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REVIEW: Drawn into Darkness by Annette McCleave

Cover image of Drawn Into Darkness by Annette McCleaveDear Ms. McCleave:

I am beginning to think I’m one of the few readers out there who has not died from paranormal overload. I realize that in my deepest heart of hearts, I am a sci/fi fantasy geek of the highest degree, which is probably what is insulating me from said overload. I had a twinge of trepidation when I picked up your book and splashed below the title was the subtitle, “A Soul Gatherer Novel”. The fear of mid-series reading affects me, but I was relieved to realize that not only was this the first in a series, but this is your first published book.

Lachlan MacGregor has served out 409 years of a 500 year sentence to be a Soul Gatherer, an immortal that collects souls for Death and releases them to Angels or Demons. Lachlan ended up as a Gatherer due to his soul being in balance at the time of his death, shouldering blame for the brutal deaths of his family and distruction of his home back in 1603 (if you’ve done your addition, this story takes place a few years in the future). Lachlan blames his own arrogance and stupidity for the horror that befell his family. He’s matured and accepts his past without being robotically stoic. He’s using his soul gathering time to get himself to heaven to reunite with his family. Interestingly, Lachlan’s drive to be with his wife and children has faded over time, which makes the romance more plausible and negates any feelings of betrayal towards them Lachlan might have harbored.

With minimal explanation, Lachlan has been commanded by Death to guard Emily Lewis, a 14 year old girl, while continuing his soul gathering duties. Lachlan moved into Emily’s apartment building posing as a priest. Rachel Lewis, Emily’s divorced mom, is a talented graphic designer who is overworked, I’m guessing underpaid, is dealing with a total deadbeat ex and a defiant, petulant and generally miserable teenage daughter. None of this stops her from noticing the gorgeous priest that lives in her building, and I couldn’t help but think of the Sex and The City episode in which Samatha is lusting after “Friar Fuck”. Rachel tries to resist temptation and focus on the shitstorm that comprises her life, but when Lachlan offers to talk to Emily and actively provide some guidance she jumps on him…er, his offer.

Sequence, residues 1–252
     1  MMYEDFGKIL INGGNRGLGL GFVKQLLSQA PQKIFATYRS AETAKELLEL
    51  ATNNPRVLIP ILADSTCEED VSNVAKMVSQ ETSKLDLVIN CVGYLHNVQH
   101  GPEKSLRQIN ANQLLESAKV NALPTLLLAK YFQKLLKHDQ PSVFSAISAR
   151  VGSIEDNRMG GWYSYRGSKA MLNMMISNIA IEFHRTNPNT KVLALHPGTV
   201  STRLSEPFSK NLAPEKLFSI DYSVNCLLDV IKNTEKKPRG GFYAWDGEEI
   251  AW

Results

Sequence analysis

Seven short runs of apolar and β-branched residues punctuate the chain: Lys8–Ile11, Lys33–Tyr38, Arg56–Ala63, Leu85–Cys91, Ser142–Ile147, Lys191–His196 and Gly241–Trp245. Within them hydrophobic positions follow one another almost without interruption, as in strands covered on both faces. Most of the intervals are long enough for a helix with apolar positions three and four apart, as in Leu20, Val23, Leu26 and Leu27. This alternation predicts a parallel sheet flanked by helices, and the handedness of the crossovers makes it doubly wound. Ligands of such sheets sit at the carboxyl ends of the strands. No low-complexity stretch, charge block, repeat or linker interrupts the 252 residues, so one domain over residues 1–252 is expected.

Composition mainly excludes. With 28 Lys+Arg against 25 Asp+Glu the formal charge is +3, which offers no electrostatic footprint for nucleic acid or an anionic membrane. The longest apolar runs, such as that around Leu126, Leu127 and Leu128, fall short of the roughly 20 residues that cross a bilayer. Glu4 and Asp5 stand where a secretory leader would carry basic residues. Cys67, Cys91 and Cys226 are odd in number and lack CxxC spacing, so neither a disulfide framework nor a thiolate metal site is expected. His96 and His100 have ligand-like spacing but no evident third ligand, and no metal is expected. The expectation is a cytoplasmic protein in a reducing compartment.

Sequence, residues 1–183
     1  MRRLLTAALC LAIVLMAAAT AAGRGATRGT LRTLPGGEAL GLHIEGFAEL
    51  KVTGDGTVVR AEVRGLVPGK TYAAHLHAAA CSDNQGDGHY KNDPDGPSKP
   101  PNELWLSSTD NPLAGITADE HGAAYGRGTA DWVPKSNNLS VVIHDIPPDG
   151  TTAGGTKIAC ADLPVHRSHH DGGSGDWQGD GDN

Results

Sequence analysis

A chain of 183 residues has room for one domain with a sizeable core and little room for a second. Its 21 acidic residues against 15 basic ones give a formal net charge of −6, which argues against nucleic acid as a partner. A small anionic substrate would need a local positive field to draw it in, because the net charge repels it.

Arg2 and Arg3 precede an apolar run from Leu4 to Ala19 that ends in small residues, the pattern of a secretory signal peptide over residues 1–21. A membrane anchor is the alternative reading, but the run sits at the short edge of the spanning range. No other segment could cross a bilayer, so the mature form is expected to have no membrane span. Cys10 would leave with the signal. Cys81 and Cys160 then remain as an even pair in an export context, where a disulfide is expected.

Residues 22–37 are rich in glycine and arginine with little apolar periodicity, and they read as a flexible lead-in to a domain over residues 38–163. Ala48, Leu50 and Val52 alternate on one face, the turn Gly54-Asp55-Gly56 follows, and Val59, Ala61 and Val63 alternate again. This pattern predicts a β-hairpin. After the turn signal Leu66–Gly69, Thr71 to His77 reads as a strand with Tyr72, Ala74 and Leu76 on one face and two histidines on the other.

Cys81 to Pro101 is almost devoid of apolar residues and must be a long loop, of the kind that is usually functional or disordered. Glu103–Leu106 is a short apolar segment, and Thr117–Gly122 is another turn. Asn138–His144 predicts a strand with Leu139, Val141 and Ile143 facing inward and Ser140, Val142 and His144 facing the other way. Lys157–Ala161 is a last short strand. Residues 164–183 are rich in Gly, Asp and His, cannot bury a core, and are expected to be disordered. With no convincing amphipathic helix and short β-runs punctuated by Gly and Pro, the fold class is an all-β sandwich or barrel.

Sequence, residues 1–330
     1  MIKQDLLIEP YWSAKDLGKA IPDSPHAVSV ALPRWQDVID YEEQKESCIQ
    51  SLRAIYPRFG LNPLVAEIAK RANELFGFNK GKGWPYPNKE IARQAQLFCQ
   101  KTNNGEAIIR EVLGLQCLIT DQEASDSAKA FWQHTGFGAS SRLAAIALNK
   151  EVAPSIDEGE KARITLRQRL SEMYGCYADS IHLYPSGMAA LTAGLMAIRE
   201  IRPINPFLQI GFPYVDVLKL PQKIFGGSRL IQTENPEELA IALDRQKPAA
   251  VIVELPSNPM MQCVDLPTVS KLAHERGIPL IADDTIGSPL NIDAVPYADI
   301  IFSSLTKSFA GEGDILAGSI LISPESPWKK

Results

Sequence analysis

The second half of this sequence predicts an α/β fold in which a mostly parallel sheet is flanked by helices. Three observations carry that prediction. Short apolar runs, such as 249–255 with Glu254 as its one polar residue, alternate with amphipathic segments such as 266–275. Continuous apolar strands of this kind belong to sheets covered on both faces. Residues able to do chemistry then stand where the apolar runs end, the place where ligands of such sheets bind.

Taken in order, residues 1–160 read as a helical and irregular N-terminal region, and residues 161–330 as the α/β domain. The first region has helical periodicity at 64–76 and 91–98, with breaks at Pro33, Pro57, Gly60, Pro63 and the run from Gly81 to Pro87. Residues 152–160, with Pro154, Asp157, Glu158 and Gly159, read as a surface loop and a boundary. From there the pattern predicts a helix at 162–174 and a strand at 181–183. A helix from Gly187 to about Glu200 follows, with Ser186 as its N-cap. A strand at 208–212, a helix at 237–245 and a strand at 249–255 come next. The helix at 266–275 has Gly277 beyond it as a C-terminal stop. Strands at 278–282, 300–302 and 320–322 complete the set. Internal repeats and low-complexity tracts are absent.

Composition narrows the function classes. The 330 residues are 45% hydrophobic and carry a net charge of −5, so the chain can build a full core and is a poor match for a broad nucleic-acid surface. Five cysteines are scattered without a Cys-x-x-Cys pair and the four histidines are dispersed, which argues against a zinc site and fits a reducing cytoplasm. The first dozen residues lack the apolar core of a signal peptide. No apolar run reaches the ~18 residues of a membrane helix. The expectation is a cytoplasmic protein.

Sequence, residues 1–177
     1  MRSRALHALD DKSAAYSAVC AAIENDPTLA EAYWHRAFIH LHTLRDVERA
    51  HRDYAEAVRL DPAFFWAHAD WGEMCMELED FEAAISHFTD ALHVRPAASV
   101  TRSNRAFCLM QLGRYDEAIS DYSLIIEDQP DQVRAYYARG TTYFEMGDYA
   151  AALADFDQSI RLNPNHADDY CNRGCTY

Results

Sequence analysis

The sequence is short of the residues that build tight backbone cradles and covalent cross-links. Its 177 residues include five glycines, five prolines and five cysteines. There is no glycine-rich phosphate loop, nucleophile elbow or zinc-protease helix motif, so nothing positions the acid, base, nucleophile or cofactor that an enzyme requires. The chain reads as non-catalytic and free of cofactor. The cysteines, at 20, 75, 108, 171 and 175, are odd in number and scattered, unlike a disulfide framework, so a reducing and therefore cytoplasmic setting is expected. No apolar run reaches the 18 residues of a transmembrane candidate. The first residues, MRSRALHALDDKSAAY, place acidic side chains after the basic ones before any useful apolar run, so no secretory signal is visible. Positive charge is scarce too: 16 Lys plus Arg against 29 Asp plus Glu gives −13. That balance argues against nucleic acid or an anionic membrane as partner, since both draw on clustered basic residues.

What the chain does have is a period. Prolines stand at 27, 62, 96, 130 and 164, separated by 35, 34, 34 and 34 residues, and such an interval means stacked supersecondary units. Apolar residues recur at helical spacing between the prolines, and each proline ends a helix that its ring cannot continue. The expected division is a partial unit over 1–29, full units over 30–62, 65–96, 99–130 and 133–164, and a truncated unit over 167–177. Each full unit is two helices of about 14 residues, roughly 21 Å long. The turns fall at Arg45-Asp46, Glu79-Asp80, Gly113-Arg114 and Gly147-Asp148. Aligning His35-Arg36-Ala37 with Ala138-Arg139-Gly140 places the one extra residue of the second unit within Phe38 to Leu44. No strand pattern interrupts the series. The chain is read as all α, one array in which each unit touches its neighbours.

The pace of the book is moves quickly and the world you’ve created is engaging. Friar Fu…uh, Lachlan is pitted against his long-standing enemy, Drusus, a lure demon that is bent on gaining power for himself and Satan by getting a hold of the Linen (the cloth Pilate used to wipe his hands on…I think. More on this below.) which was in MacGregor’s possession. Drusus is also targeting Emily after realizing that Lachlan was tasked with protecting her. Rachel and Lachlan’s relationship moves at a nice pace, and throughout the book the dialog was strong and flowed naturally, like this exchange when Rachel is trying to convince Lachlan to go to a hospital after an encounter with Drusus:

Men and their stupid macho bullshit. She joined him in the car, backed out of the parking spot, and zoomed toward the gated entrance. “O’Connor Hospital is the closest. I can have us there in a couple of minutes.”

“That’s if this death trap of a car doesn’t kill us first.”

She glanced at him.

His head lolled on the headrest and his eyes were closed, but he was smiling faintly.

“Was that a joke? You must be hurt more than I thought.”

When Rachel initially questioned Lachlan’s ability to heal quickly, she was easily hormonally distracted by his nice naked chest and her need for some serious sexin’. Anyone who doesn’t believe that ones’ thoughts and/or actions can be completely derailed hasn’t observed my daughters watching morning television.

Lachlan and Rachel get into it as a result of Lachlan’s superpowers, his inability/reticence to explain them and her anger at supposedly being deceived. Rachel has enough mettle to question what Lachlan has told her, and quickly comes to the conclusion (on her own) that above all he is her friend and ally. When the big reveal comes, Rachel doesn’t go off the deep end, which was a relief.

Rachel’s relationship with Emily was a tough pill for me to swallow. I can’t imagine the world of a working single mother, and Rachel’s actions were painful to watch but seemed on the nose for someone that is being tugged in a million directions. What bothered me was the lack of even an attempt at communication. Rachel was around enough to take her daughter by the ear and explain exactly what’s what, but didn’t do it. She let Emily sulk and pout and act out. Yeah, I’m the heavy of the household. Can you tell?